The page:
Embezzlement occurs when a person entrusts their property to another person, but the person in possession then unlawfully converts the ownership rights with the intent to defraud the true owner. Poor or improper accounting is one of the main factors in most embezzlement cases. An example of embezzlement is where an employee is entrusted with a certain amount of company money. The person then has lawful possession of the funds; however, if they put the money into a different account for their own personal use, it can be considered embezzlement.
What Is the Difference Between Embezzlement and Theft?
The main distinction between embezzlement and larceny (theft) is that with embezzlement, the defendant is authorized to have physical possession of the property. With larceny, the defendant obtains physical possession of the property through illegal means, for example by physically taking the property without the owner’s consent. With embezzlement, the defendant is granted lawful possession of property, but the criminal act occurs with regards to the title and ownership rights.
Embezzlement is often committed by persons in positions of trust who are granted lawful possession of funds or property. This may include persons such as brokers, trustees, employees, and public officials. The embezzler need not benefit themselves in order to be found guilty of embezzlement.
What Is Felony Embezzlement?
Felony embezzlement is a type of white collar crime involving the unlawful conversion of ownership rights of property or assets. Embezzlement is usually a misdemeanor charge; however, it can result in felony charges depending on the value of the goods that were converted.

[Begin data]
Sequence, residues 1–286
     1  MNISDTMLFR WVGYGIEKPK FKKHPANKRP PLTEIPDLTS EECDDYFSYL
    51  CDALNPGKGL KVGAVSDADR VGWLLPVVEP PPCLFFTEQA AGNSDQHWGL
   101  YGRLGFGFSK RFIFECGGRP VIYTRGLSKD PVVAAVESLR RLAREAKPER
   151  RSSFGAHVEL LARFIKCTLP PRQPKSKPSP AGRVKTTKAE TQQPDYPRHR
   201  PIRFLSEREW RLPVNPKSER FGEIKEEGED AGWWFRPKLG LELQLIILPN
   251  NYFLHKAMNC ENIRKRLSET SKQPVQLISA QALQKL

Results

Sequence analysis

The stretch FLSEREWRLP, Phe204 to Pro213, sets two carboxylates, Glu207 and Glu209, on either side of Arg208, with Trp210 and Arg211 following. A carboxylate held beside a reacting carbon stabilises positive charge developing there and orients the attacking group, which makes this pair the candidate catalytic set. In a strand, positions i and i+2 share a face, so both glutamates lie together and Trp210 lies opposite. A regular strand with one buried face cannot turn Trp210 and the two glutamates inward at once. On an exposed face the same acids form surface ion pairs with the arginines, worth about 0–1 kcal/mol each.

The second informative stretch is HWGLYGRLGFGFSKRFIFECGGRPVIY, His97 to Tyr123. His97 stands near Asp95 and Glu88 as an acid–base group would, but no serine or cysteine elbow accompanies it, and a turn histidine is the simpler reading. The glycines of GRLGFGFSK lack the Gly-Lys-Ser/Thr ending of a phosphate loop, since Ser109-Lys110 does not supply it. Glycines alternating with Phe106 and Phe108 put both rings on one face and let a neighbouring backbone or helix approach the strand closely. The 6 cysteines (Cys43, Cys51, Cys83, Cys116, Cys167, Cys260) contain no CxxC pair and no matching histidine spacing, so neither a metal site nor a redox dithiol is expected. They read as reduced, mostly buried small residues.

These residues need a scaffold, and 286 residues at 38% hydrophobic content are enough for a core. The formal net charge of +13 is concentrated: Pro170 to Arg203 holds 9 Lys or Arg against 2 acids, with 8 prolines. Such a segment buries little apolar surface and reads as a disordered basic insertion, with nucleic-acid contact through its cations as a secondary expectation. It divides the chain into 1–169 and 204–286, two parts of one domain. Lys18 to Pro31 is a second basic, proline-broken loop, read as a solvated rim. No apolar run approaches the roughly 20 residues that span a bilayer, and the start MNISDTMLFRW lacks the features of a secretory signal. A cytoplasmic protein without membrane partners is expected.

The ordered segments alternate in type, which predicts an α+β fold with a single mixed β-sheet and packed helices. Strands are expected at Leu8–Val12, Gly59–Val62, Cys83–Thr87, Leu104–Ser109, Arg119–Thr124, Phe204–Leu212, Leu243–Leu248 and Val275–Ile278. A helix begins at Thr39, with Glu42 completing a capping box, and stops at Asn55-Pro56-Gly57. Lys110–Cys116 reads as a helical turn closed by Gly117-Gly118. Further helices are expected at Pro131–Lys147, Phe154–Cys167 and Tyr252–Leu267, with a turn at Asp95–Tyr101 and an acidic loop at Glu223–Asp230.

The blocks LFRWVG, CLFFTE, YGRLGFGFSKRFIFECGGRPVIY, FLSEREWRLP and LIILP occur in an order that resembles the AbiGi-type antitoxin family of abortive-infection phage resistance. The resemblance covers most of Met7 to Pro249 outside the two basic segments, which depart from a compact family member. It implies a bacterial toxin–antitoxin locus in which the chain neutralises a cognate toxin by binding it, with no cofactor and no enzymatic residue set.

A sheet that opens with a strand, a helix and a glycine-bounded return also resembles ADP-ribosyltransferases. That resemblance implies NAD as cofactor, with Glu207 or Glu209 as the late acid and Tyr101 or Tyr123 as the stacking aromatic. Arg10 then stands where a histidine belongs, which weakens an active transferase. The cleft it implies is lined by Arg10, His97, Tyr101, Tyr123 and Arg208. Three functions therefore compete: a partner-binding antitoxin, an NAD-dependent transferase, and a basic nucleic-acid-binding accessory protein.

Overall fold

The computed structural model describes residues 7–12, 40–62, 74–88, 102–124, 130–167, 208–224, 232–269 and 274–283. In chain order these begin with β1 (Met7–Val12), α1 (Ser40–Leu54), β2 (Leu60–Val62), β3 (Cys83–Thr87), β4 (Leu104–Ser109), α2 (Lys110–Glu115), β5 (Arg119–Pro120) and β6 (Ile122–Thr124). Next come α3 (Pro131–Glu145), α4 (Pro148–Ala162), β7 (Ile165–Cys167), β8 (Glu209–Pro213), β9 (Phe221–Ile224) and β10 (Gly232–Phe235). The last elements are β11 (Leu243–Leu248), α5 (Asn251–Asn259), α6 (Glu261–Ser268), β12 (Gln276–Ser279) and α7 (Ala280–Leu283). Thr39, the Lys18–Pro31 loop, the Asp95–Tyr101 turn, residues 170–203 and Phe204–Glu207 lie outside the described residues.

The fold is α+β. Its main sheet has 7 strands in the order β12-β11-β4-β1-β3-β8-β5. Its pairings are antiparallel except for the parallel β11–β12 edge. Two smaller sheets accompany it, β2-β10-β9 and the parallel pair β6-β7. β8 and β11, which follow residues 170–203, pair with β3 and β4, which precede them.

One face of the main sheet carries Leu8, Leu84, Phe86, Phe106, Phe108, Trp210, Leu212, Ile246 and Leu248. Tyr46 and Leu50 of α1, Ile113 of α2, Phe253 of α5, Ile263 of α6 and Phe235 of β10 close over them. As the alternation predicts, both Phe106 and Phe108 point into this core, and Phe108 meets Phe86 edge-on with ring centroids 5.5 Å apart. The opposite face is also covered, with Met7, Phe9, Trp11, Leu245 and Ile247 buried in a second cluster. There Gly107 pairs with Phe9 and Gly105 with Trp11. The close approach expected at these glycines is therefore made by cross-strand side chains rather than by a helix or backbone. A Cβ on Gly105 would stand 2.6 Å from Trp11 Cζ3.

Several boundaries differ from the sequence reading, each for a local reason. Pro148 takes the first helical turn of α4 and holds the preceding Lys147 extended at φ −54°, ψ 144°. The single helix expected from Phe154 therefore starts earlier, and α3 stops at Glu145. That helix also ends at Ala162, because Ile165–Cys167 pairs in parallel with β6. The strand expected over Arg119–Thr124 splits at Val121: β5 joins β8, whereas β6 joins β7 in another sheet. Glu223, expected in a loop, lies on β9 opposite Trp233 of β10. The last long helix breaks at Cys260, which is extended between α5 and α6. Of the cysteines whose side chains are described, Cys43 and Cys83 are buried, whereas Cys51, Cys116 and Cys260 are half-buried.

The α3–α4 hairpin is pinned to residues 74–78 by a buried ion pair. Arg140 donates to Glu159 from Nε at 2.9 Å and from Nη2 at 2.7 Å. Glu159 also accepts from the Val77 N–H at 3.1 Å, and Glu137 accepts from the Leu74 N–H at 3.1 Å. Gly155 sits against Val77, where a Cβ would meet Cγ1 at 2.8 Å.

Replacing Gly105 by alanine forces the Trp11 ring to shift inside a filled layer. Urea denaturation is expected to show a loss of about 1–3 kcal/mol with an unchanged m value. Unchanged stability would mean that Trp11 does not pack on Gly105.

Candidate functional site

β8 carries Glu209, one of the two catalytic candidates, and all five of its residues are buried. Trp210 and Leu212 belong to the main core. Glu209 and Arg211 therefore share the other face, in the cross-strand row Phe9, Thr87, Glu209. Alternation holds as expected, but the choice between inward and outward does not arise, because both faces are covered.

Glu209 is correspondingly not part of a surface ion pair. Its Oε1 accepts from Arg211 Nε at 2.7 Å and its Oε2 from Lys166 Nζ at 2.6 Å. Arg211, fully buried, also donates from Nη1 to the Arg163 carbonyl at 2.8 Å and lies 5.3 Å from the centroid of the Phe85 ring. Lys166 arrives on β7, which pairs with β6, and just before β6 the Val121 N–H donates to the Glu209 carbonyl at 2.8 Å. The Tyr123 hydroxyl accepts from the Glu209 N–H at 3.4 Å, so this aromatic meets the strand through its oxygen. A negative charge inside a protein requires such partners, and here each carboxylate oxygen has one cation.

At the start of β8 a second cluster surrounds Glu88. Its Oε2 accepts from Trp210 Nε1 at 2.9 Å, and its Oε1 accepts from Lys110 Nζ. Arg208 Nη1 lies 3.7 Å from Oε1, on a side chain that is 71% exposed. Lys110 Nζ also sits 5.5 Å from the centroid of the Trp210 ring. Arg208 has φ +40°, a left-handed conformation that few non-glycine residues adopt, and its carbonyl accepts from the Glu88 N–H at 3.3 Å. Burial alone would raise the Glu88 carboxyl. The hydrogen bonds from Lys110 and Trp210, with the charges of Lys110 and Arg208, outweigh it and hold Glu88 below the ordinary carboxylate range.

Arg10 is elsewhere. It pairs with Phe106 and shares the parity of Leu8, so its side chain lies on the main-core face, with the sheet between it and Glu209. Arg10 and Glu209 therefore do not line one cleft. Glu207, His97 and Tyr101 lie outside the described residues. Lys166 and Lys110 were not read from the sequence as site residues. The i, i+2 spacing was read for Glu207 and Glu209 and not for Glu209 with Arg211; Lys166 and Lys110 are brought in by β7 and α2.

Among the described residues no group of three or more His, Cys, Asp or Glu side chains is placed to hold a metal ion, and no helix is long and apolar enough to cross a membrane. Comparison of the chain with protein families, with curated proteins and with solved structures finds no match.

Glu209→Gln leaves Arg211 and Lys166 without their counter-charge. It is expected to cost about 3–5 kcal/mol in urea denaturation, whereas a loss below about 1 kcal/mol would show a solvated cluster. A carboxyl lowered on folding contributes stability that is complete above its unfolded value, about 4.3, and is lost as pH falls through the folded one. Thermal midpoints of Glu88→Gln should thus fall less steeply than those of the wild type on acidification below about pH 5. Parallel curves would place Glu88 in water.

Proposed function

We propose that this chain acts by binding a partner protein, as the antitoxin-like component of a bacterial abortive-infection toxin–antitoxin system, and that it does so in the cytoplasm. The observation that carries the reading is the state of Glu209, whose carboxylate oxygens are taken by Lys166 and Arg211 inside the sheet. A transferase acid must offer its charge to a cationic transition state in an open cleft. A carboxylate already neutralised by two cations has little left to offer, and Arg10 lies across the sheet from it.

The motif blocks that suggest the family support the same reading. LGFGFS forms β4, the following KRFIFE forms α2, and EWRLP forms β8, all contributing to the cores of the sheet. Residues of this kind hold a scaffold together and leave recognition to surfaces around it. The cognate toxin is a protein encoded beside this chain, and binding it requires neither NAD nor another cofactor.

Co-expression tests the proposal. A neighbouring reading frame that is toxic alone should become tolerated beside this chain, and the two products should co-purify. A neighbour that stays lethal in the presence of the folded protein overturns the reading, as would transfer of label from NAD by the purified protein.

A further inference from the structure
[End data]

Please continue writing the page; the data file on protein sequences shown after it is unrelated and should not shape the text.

When Does Embezzlement Become a Felony?
Embezzlement becomes a felony charge based on the value of the assets or funds that are appropriated from the true owner. Each state may have different requirements for felony embezzlement. However, many state laws classify embezzlement crimes into tiers based on the amount that is stolen.
A typical state statute might classify embezzlement as follows:
- Embezzlement of less than $2,500: Misdemeanor charge
- Embezzlement of $2,500-$5,000: Class I Felony
- Embezzlement of $5,000-$10,000: Class H Felony
- Embezzlement of amounts greater than $10,000: Class G Felony
What Are the Legal Consequences for Felony Embezzlement?
The severity of the felony charge will depend on the amount that was stolen. The greater the amount, the more serious the charges will be. Also, a defendant may be subject to enhanced penalties for repeat offenses or for offenses involving additional crimes in conjunction with embezzlement, such as tax fraud or other white collar crimes.
In general, misdemeanor embezzlement will result in a small monetary fine and a maximum jail sentence of one year. In comparison, felony misdemeanor charges might result in higher fines and a prison sentence of more than one year.
In the example statute listed above, a Class I Felony Embezzlement charge may result in a fine of $1,000 and a prison sentence of 1-3 years. A more serious charge such as a Class G felony charge might result in a fine of $5,000 and a prison sentence of 5 years. Again, such classifications and penalties will vary from state to state.
Finally, in most embezzlement cases, the defendant may be required to reimburse the victim for the amount that was embezzled, in addition to any criminal fines that may have been imposed. It is also common for the property owner to file a private civil lawsuit against the embezzler.
Do I Need a Lawyer for Felony Embezzlement Charges?
Felony embezzlement is a serious criminal charge and can result in severe penalties for the offender. As in all criminal cases, you have the right to an criminal defense attorney, who can help determine if you have any appropriate defenses to embezzlement. Or, if you suspect that you have been the victim of embezzlement, an attorney can help you file a lawsuit in court so that you can recover your losses.